HBCU marching bands have always been, and continue to be, one of the most raw forms of expression of Black Joy.
In a time where racial issues that have plagued America since its birth are in front of our faces every day, and the burden of Blackness can often ring as heavy as it has at any other time since the Emancipation Proclamation, they provided a much-needed release for the 10,000-plus attendees of The Queen City Battle of The Bands this weekend.
The event, which featured marching bands from eight HBCUs, started off in a downpour. The kind that would likely keep many of these same folks from attending a game at their alma mater in person in the upcoming weeks. The kind of dumping from the sky that will ruin both a relaxed and natural hairstyle indiscriminately in a matter of seconds.
But it would take more than rain to keep those invested in the culture and tradition of HBCUs out of Charlotte’s poorly-aged Memorial Stadium on Saturday afternoon. Folks waited patiently and coolly as mother nature soiled the earth and the stadium seats with an early-evening Carolina storm. It’s the type of devotion that each of their football teams would never get from the majority of their students, fans and alumni.
But it all makes sense, when you think about it. While HBCU football has largely struggled to thrive in a post-integration world, HBCU bands continue to shine as a symbol of black excellence. You can go anywhere to see football. But seeing your favorite HBCU band first hand is not as easy to come by.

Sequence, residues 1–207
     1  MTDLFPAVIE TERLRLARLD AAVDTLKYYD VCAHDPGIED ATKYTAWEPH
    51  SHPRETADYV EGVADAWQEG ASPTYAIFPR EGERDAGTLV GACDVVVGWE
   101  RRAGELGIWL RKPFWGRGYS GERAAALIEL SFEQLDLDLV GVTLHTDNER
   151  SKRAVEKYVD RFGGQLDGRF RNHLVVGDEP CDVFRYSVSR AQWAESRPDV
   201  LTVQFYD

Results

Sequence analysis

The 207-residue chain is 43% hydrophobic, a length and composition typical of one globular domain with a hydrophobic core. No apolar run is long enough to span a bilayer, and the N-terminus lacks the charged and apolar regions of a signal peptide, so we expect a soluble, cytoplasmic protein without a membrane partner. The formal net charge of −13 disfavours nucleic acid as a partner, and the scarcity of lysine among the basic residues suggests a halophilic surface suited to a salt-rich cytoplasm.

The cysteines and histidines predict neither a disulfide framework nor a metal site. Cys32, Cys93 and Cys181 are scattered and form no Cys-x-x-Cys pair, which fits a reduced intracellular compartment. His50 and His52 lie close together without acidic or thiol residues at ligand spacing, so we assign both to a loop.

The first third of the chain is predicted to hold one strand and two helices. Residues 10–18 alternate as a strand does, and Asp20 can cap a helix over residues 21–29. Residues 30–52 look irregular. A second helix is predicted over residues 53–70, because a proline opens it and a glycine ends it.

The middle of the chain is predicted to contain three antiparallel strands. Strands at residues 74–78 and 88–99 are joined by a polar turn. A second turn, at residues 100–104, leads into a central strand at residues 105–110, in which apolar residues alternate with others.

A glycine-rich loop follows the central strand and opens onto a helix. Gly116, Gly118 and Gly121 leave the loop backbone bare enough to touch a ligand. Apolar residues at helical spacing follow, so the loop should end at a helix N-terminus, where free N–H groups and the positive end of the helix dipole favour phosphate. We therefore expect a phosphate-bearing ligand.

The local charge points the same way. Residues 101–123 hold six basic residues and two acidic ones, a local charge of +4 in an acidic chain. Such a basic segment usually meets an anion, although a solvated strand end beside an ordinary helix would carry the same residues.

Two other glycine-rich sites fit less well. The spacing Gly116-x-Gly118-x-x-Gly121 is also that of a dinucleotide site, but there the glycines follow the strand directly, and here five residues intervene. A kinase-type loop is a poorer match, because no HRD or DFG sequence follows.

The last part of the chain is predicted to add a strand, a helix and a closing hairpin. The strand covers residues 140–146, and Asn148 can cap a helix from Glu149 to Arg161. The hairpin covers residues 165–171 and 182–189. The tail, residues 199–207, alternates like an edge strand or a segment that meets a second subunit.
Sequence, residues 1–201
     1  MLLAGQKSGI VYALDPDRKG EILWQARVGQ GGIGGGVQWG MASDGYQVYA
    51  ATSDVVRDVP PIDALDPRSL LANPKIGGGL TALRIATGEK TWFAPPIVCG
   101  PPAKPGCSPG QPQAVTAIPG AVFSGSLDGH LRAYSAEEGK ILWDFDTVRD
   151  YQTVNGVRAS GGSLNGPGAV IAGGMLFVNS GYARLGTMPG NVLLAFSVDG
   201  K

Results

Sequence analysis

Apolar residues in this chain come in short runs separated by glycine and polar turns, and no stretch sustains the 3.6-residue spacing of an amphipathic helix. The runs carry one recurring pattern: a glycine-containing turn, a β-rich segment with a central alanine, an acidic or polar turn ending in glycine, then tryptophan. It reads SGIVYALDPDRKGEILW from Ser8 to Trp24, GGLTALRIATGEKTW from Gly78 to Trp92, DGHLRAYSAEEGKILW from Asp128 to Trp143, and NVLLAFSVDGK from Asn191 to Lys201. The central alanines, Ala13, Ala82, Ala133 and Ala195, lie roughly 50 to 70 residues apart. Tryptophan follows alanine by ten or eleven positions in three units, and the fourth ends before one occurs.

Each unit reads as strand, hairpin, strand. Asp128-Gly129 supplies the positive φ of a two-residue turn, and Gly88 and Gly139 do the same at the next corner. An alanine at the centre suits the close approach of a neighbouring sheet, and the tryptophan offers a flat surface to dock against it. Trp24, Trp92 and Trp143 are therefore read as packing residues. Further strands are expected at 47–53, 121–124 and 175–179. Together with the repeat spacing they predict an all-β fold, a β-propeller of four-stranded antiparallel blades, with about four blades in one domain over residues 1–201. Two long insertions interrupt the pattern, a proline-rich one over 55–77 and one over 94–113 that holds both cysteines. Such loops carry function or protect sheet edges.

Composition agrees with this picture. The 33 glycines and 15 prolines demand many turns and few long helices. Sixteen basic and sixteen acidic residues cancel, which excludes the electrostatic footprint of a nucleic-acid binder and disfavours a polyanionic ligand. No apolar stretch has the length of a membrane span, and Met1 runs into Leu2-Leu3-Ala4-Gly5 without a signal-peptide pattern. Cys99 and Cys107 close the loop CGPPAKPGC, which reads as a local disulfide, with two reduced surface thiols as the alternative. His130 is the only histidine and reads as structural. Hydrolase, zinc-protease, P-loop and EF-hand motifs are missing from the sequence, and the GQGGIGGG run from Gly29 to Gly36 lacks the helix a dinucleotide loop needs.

So the masses came. They waited out the storm and got treated to a show, both on the field and in the stands. In between performances, the DJ kept the party going by keeping the music flowing. He played them all, old and new. The crowd knucked and bucked. They remember (ed) the time. They wiped each other down. Alludat.
Louisiana in NC LIT AF 🔥🔥🔥🔥 pic.twitter.com/icQSzsUaor
— HBCU Gameday (@HBCUGameday) August 27, 2016
//platform.twitter.com/widgets.js The eight bands that participated in the competition did not disappoint. Not only did they put on a show, they also showed awareness and were unafraid to make political statements.
North Carolina Central’s Sound Machine brought out signs asking for justice for Sandra Bland.
North Carolina A&T’s auxiliary team, Golden Delight, came dressed in breakaway outfits that revealed a Pan African flag team. And Southern, well they made a statement just by showing up. After intense flooding cost many folks their lives back home in Baton Rouge, the Human Jukebox was not about to let a little (well a lot, but still) rain dampen their spirits as they finished off the showcase with a bang.
In short, it was a party. One that folks of all ages, creeds, and yes, even races could enjoy. But make no mistake about it, the Queen City Battle of The Bands was a safehaven and conduit for black joy, just as HBCU bands have been since the first drum major high-stepped across the field.
HBCUs, founded mostly after the Civil War and prior to the Civil Rights Act, are largely conservative in nature in terms of administration. They’ve often been criticized with trafficking in respectability politics, and rightfully so as many have and continue to do so.
But HBCUs almost exclusively produced the men and women who would go on to become giants in the Civil Rights Movement and gain the freedoms that we now currently enjoy.
They’ve also given us HBCU marching band culture, which can be as anti-conservative as Bernie Sanders. From bold, daring outfits for their often curvaceous dance lines to hip-thrusting drum majors, these bands have always allowed peak black expression for both those who play in them as well as those who listen to them.
HBCU bands don’t worry about whether you judge them for their outfits or song selection, they simply want to move the crowd. And that definitely happened in Charlotte on Saturday night.
As we prepare to get into another football season this Saturday, expect more of the same.
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